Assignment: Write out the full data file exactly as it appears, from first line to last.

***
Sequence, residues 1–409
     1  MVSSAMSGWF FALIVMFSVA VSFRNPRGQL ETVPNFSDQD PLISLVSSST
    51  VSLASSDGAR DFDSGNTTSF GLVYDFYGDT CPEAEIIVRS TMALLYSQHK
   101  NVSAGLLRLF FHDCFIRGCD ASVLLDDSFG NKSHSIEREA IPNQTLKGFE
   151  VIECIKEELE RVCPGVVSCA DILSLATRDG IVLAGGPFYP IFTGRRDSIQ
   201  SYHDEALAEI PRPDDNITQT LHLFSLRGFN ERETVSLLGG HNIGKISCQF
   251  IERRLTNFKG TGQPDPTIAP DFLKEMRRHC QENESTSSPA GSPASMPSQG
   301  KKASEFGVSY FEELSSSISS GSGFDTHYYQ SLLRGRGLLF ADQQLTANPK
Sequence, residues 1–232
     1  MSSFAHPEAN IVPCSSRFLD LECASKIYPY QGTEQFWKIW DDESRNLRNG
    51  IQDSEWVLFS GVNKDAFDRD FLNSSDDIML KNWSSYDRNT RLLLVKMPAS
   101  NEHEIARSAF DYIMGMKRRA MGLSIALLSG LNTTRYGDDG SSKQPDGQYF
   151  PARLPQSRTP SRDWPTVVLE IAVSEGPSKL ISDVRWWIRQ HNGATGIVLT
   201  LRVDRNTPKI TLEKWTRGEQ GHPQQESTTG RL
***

Sequence, residues 1–409
     1  MVSSAMSGWF FALIVMFSVA VSFRNPRGQL ETVPNFSDQD PLISLVSSST
    51  VSLASSDGAR DFDSGNTTSF GLVYDFYGDT CPEAEIIVRS TMALLYSQHK
   101  NVSAGLLRLF FHDCFIRGCD ASVLLDDSFG NKSHSIEREA IPNQTLKGFE
   151  VIECIKEELE RVCPGVVSCA DILSLATRDG IVLAGGPFYP IFTGRRDSIQ
   201  SYHDEALAEI PRPDDNITQT LHLFSLRGFN ERETVSLLGG HNIGKISCQF
   251  IERRLTNFKG TGQPDPTIAP DFLKEMRRHC QENESTSSPA GSPASMPSQG
   301  KKASEFGVSY FEELSSSISS GSGFDTHYYQ SLLRGRGLLF ADQQLTANPK
Sequence, residues 1–232
     1  MSSFAHPEAN IVPCSSRFLD LECASKIYPY QGTEQFWKIW DDESRNLRNG
    51  IQDSEWVLFS GVNKDAFDRD FLNSSDDIML KNWSSYDRNT RLLLVKMPAS
   101  NEHEIARSAF DYIMGMKRRA MGLSIALLSG LNTTRYGDDG SSKQPDGQYF
   151  PARLPQSRTP SRDWPTVVLE IAVSEGPSKL ISDVRWWIRQ HNGATGIVLT
   201  LRVDRNTPKI TLEKWTRGEQ GHPQQESTTG RL